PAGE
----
Engraving: Its Origin, Processes, and History
by Henri Delaborde
Publisher: Cassel & Co. 1886
Number of pages: 380
Engraving, in the strict sense of the word, is no invention due to modern civilization. But many centuries elapsed before man acquired the art of multiplying printed copies from a single original, to which art the name of engraving has been extended, so that nowadays the word signifies the operation of producing a print.
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by Jane Adlin - Metropolitan Museum of Art
The collection shows the extraordinary breadth of styles postwar artists have been able to create. The experimentation of the early pottery-making 'rule breakers' of the era gave rise to one of the most creative periods in the history of ceramics.
- Thayer & Chandler
In this work we devote special chapters to the various features of china painting such as lining, mixing of colors, etc., and with this lesson the beginner has a fair start; she will soon learn what the different combinations of colors will produce.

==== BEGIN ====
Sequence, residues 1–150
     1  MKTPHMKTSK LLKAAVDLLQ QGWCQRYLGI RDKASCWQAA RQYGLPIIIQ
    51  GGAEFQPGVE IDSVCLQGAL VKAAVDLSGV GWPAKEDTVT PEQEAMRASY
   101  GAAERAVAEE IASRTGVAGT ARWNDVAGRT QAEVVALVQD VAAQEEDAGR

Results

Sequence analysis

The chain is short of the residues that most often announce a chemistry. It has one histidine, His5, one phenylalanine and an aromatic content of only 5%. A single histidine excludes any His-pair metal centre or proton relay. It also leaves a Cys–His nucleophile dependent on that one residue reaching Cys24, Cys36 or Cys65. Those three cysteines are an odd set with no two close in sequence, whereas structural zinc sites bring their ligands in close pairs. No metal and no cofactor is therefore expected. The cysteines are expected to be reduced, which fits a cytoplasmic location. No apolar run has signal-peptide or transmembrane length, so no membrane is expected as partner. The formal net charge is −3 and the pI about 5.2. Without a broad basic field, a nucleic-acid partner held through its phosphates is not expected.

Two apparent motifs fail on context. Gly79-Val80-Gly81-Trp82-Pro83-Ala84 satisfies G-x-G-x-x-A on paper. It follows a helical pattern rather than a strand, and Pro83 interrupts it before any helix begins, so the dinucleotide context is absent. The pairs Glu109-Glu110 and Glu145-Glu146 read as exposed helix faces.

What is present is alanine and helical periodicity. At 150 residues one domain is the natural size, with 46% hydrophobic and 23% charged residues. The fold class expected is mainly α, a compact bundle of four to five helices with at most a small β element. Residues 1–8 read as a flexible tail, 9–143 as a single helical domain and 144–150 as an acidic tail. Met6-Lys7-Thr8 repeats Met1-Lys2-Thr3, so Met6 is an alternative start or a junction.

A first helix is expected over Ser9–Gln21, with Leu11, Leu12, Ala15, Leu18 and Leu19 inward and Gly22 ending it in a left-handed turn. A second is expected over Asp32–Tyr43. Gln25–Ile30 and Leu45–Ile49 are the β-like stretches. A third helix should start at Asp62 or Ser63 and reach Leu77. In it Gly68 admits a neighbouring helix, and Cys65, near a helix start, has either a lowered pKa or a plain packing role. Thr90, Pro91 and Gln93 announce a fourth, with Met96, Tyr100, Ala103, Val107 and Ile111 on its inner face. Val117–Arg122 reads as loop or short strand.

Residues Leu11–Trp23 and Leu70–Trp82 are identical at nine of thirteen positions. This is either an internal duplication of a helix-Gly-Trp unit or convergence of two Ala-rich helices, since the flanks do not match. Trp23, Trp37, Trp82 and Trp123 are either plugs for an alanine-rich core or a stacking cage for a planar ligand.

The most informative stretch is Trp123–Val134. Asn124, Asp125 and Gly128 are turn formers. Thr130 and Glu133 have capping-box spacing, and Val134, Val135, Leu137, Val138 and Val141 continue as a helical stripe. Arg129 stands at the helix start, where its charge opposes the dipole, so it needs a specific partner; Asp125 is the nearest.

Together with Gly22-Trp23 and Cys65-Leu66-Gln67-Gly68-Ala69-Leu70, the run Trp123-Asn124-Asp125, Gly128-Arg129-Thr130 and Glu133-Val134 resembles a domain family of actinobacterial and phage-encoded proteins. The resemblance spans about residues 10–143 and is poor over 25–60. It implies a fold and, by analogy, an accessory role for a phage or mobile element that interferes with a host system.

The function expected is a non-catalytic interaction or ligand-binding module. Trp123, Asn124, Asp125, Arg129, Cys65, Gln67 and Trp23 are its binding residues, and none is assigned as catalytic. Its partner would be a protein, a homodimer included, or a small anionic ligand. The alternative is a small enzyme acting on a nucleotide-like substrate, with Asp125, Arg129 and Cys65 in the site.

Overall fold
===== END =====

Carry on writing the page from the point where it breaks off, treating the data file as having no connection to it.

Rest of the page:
by Paul D. Otter - Davis Williams Co.
The author concentrates on furniture of the middle class, this puts design within reach of the amateur craftsman, as well as the hobbyist who will spend his weekends making sawdust and turned legs. Hobbyists will find a fund of furniture ideas.
by Frank Alvah Parsons - Doubleday
This book may be of service to somebody in pointing out what a house is really for and what it should express. It is designed also to make clear the essential qualities which are the life and soul of each of the decorative periods in history.